Geneticist.  Microbiologist.  Dr. Minnich is Associate Professor of microbiology at the University of Idaho and is a Fellow of the International Society for Complexity, Information and Design. Previously, Dr. Minnich was an Assistant Professor at Tulane University. In addition, he did postdoctoral research with Austin Newton at Princeton University and with Arthur Aronson at Purdue University. Dr. Minnich's research interests are temperature regulation of Y. enterocolitca gene expression and coordinate reciprocal expression of flagellar and virulence genes. Scott Minnich holds a Ph.D. from Iowa State University.

Scott Minnich is widely published in technical journals including Journal of Bacteriology, Molecular Microbiology, Journal of Molecular Biology, Proceedings of the National Academy of Sciences, Journal of Microbiological Method, Food Technology, and The Journal of Food Protection.

Faculty webpage,

Intelligent Design URC.


Colin Ware Mitchell

(1927-1996).  English geographer. Government of Sudan, Ministry of Agriculture, soil surveyor in research division, 1952-55; soil survey team leader, Hunting Technical Services, Ltd., 1956-63; University of Cambridge, Cambridge, England, ministry of defense research Fellow, 1963-67; University of Reading, Reading, England, Lecturer in geography, 1968-1996. Consultant to government, business, and the United Nations. Military service: Royal Air Force, 1945-48.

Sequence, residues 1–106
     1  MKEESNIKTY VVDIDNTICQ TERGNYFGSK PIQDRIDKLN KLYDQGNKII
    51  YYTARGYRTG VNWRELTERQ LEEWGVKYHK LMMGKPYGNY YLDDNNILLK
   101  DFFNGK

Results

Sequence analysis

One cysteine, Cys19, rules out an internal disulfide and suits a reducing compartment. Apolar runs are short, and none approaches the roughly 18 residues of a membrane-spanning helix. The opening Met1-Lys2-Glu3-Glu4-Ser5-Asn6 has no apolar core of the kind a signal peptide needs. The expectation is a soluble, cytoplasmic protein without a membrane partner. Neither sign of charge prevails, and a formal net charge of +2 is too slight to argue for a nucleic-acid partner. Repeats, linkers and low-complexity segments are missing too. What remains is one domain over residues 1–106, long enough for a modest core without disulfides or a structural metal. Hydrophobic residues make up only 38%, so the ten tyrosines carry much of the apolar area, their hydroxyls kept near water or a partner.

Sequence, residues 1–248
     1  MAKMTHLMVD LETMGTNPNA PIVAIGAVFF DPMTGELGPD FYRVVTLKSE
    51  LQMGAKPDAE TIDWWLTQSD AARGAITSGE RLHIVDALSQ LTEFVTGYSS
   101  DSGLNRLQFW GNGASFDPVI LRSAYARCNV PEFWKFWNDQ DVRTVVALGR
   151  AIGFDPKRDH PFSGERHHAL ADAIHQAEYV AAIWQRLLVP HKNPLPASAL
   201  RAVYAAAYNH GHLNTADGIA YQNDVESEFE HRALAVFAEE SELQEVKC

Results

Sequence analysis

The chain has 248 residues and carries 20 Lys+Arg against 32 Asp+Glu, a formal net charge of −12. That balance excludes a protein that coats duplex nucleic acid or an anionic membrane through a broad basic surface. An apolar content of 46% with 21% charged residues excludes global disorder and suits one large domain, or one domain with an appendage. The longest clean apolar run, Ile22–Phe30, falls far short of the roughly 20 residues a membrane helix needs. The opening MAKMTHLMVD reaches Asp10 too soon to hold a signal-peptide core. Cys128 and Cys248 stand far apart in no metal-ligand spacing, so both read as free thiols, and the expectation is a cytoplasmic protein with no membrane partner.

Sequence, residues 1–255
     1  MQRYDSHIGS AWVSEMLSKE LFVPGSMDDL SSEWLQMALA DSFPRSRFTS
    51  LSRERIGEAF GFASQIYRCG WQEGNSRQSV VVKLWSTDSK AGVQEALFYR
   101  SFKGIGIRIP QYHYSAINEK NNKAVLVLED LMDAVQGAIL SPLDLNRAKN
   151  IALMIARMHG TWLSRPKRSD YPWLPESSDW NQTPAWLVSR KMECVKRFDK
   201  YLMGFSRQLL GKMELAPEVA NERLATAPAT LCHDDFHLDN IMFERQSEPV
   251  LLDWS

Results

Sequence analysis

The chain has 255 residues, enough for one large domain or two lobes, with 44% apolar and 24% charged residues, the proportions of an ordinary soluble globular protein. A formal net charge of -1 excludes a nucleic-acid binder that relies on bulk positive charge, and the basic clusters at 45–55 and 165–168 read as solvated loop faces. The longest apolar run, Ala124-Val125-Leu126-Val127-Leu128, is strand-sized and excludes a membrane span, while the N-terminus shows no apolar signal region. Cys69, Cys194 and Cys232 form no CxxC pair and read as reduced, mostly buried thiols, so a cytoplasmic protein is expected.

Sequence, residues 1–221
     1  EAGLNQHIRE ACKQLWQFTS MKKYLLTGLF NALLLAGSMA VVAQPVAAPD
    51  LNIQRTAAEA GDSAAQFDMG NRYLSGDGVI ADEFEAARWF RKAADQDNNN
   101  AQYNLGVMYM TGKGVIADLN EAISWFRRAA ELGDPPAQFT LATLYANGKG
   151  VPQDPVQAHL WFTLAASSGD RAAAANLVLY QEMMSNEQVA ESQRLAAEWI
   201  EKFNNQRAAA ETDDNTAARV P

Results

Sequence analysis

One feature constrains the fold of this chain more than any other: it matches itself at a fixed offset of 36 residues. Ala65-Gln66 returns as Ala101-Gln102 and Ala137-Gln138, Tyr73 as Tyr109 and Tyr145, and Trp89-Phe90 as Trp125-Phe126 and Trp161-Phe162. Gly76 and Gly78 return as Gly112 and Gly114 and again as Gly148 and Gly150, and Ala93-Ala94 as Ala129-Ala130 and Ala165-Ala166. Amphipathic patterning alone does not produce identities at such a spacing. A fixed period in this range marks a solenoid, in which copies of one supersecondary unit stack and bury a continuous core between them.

Author: Terrain Evaluation, Longman, 1973; The Case for Creationism, Autumn House Limited (Alma Park, Grantham, UK), 1994.

Testimony in In Six Days: Why Fifty Scientists Choose to Believe in Creation, edited by John F. Ashton, Ph.D.  Master Books, Inc., Green Forest, AR, 2001.  ISBN 0-89051-341-4.

Testimony in On the Seventh Day: Forty Scientists and Academics Explain Why They Believe in God, edited by John F. Ashton, Ph.D.  Master Books, Inc., Green Forest, AR, 2002.  ISBN 0-89051-376-7.